Advertisement
YOU ARE HERE: LAT HomeCollections

The Nation

Enron Official's Final Note Released

April 12, 2002|From Associated Press

SUGAR LAND, Texas — An anguished note left behind by a former Enron Corp. executive who killed himself in January makes no specific mention of the energy giant's collapse but says, "Where there was once great pride, now it's gone."

The police department in this Houston suburb released the seven-sentence note from John Clifford Baxter immediately after the Texas attorney general's office issued an opinion that the document was a public record.

About two hours later, a judge granted a request from Baxter's family for a temporary restraining order sealing the handwritten note. The family had opposed its release, citing privacy issues.

Baxter, who resigned as vice chairman in May 2001, months before Enron collapsed, was found dead of a self-inflicted gunshot wound on Jan. 25. He was 43.

The note, addressed to his wife, Carol, said: "I am so sorry for this. I feel I just can't go on. I have always tried to do the right thing but where there was once great pride now it's gone. I love you and the children so much. I just can't be any good to you or myself. The pain is overwhelming. Please try to forgive me." It was signed, "Cliff."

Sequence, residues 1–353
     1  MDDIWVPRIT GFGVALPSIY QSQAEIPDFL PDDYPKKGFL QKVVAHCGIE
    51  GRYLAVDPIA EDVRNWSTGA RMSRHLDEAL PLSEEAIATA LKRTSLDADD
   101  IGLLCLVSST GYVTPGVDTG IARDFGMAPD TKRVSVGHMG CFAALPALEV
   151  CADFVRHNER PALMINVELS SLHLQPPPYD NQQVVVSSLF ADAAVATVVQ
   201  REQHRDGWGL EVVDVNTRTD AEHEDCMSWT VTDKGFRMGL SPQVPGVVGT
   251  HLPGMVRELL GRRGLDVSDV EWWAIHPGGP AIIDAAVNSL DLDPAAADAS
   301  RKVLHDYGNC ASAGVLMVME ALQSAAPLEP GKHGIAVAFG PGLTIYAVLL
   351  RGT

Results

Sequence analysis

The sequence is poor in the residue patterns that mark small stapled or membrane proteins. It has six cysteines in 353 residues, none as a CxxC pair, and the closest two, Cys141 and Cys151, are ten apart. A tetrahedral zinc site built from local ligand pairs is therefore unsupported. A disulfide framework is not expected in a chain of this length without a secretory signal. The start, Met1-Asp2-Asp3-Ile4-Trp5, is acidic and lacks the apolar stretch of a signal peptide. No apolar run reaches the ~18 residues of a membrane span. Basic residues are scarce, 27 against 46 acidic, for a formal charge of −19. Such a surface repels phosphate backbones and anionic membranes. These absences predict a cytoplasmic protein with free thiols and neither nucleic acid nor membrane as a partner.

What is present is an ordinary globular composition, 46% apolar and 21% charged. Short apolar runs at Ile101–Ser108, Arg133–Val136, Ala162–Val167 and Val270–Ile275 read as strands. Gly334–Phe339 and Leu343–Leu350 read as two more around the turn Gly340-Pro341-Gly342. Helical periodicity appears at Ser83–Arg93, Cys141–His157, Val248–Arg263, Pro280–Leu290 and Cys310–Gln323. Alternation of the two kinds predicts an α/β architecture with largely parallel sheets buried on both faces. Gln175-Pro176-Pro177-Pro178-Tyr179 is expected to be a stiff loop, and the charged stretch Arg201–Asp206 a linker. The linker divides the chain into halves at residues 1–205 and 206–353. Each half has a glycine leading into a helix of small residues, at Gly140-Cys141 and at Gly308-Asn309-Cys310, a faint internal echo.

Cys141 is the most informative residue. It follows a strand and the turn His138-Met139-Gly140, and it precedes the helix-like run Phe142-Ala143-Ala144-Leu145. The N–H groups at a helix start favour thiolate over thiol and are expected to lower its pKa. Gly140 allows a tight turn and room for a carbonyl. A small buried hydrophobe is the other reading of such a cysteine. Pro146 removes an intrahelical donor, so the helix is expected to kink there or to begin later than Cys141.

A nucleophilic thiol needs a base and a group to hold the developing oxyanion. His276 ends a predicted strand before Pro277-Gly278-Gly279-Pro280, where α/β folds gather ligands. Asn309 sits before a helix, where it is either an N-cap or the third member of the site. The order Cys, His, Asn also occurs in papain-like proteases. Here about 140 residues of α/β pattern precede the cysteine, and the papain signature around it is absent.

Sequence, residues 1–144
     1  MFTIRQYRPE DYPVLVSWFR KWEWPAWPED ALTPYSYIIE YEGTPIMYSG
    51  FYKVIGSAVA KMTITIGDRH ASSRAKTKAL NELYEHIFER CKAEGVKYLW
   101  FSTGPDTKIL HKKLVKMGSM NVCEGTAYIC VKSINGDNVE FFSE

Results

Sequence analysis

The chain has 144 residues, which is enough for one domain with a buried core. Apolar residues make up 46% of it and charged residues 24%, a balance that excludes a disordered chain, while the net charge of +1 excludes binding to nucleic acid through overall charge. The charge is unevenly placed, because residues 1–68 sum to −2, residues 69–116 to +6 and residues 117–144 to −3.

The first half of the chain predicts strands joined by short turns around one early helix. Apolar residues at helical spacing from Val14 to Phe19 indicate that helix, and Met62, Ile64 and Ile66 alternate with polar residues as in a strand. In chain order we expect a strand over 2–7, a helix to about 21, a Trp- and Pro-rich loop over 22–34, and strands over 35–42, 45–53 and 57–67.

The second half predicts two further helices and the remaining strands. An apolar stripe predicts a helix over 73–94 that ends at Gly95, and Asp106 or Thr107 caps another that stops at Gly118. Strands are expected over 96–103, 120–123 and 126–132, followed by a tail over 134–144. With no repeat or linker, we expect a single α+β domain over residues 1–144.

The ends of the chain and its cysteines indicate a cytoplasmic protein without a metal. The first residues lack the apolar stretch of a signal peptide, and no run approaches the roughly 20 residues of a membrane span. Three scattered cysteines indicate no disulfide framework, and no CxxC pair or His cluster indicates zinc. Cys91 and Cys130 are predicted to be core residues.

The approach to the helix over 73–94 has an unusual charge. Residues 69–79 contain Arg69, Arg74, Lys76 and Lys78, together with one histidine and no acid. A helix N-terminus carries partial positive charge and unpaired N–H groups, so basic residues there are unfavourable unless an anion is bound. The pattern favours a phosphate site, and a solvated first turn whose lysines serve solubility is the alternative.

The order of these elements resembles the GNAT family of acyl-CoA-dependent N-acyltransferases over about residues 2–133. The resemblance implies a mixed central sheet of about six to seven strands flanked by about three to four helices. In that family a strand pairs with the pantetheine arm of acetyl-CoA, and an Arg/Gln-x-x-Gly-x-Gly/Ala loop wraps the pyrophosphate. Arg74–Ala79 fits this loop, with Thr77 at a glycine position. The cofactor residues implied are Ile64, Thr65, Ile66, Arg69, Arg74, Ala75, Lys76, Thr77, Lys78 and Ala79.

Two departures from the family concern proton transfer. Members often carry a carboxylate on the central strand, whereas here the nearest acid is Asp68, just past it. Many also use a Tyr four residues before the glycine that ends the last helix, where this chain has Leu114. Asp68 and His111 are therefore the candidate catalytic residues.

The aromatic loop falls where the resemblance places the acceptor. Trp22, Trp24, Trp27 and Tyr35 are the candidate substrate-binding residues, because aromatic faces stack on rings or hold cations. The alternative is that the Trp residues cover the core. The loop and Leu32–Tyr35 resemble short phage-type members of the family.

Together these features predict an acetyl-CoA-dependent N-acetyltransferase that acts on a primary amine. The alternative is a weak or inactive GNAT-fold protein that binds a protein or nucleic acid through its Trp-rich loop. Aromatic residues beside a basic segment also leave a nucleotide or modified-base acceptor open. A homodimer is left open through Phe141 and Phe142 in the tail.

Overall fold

The note was handwritten in all capital letters on a blank sheet of paper. An attorney for the family, Pike Powers, has said it was left in Carol Baxter's car in the garage of the family home. The home is a half-mile from the spot where his body was found.

Police spokeswoman Pat Whitty said officials saw no reason to delay release of the note once the attorney general's office issued its opinion. However, she said the restraining order was granted before photos of Baxter's body and car were released, so those items will not be made public immediately.

The attorney general's office had until Friday to make a decision. It turned aside arguments that the note might embarrass or invade the privacy of Baxter's family, "given the substantial public interest in the causes of Enron's failure and its far-reaching consequences."

Advertisement
Los Angeles Times Articles
|
|
|